Table 7 demonstrates that poor glycemic control was found more commonly among those aged 40-49 years (66.1%) and least common among those aged less than 40 years (57.1%), among females rather than males (64.1 % vs. 63.5%), among non-Qatari rather than Qatari (65.2% vs. 59.6%). It was also more common among those living inside Doha more than those living outside Doha (64.3% vs. 61.7%), and among unmarried rather than married patients (65.8% vs. 63.4%).

The table also shows that the higher percentage of poor glycemic control was found among those who were illiterate or read and write (69.7%) and least common among those who had primary/preparatory education (58.3%). Moreover, poor glycemic control was more common among those who were not working or housewife (65.1%), and among those with a household income of 5,000 to less than 15,000 QR (65.6%) and least common among those with income of 25,000 QR or more (60.1%). However, none of these relations were found to be statistically significant (p>0.05).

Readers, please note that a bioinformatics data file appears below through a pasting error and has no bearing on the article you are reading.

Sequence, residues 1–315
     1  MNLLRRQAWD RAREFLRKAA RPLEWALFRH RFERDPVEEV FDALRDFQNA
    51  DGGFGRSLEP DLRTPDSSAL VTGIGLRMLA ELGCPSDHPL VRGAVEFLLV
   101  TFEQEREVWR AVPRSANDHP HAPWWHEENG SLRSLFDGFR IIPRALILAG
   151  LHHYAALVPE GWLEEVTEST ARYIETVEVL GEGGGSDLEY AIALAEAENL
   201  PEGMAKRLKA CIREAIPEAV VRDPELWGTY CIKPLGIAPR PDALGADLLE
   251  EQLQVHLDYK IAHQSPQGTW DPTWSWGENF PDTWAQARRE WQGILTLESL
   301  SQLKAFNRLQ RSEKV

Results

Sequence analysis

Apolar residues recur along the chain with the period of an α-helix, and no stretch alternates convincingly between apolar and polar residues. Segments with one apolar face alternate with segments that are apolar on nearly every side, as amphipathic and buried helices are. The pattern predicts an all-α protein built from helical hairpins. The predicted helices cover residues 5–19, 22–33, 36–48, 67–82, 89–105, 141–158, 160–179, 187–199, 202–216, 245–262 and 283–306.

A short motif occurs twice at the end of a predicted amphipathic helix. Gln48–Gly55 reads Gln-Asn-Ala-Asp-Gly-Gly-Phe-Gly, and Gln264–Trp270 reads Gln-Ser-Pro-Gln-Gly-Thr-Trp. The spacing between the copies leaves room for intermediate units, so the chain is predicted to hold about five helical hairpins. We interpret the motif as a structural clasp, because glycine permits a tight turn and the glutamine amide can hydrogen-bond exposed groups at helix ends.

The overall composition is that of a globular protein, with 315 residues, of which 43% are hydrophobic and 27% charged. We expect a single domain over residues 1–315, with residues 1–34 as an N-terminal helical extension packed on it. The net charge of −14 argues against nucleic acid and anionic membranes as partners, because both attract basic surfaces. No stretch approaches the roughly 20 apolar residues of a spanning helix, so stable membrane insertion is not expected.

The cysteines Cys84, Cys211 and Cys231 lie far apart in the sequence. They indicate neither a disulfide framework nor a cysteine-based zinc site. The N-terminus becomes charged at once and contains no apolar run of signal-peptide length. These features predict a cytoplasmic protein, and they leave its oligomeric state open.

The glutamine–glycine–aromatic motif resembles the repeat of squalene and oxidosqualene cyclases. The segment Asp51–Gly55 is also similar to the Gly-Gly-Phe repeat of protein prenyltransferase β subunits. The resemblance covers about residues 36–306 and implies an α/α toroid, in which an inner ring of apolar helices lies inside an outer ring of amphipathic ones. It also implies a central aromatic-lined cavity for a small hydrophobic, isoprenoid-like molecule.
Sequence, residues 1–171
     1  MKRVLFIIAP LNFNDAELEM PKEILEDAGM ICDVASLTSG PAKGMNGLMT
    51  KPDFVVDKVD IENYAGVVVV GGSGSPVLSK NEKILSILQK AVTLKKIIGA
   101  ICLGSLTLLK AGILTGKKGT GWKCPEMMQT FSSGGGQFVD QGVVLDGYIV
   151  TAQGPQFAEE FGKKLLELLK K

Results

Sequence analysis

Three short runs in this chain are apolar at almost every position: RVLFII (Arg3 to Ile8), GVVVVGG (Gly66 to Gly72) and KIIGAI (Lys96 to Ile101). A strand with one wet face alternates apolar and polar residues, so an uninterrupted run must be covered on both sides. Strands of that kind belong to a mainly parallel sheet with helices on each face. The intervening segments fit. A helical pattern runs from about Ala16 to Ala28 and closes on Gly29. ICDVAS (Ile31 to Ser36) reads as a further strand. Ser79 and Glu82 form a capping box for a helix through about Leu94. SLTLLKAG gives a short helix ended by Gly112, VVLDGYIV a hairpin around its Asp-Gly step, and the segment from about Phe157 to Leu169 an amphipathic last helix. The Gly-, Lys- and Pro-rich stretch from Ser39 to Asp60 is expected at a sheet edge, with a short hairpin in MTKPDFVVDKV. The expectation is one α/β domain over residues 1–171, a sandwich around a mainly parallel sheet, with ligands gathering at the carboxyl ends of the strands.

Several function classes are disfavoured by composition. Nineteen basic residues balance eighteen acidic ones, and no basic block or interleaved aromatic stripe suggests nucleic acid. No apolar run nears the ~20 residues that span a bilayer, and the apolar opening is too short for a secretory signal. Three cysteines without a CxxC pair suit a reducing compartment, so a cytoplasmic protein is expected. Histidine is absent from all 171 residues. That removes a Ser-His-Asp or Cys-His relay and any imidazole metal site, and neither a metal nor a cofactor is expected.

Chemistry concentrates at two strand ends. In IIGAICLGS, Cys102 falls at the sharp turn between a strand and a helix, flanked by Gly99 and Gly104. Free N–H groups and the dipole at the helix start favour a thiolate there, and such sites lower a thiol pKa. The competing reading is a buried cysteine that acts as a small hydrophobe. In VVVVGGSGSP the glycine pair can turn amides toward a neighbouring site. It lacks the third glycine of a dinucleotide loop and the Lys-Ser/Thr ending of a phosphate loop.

Table 8 reveals that poor glycemic control was more common among non-smoker patients (65.8%) compared to regular/occasional and ex-smokers (64.5%, 52.2% respectively).

According to physical activity levels, the table reveals that poor glycemic control was nearly similar among those with low and moderate physical activity (63.7%, 63.6% respectively).

Moreover, the prevalence of poor glycemic control was nearly similar among patients who used to sit without doing any kind of activity for less than or equal three hours, four to five hours and six hours or more (64.5%, 63.7% and 63.5% respectively). However, the differences in glycemic control as regards smoking, physical activity levels and sitting hours per day were not statistically significant (p-value>0.05).

Discussion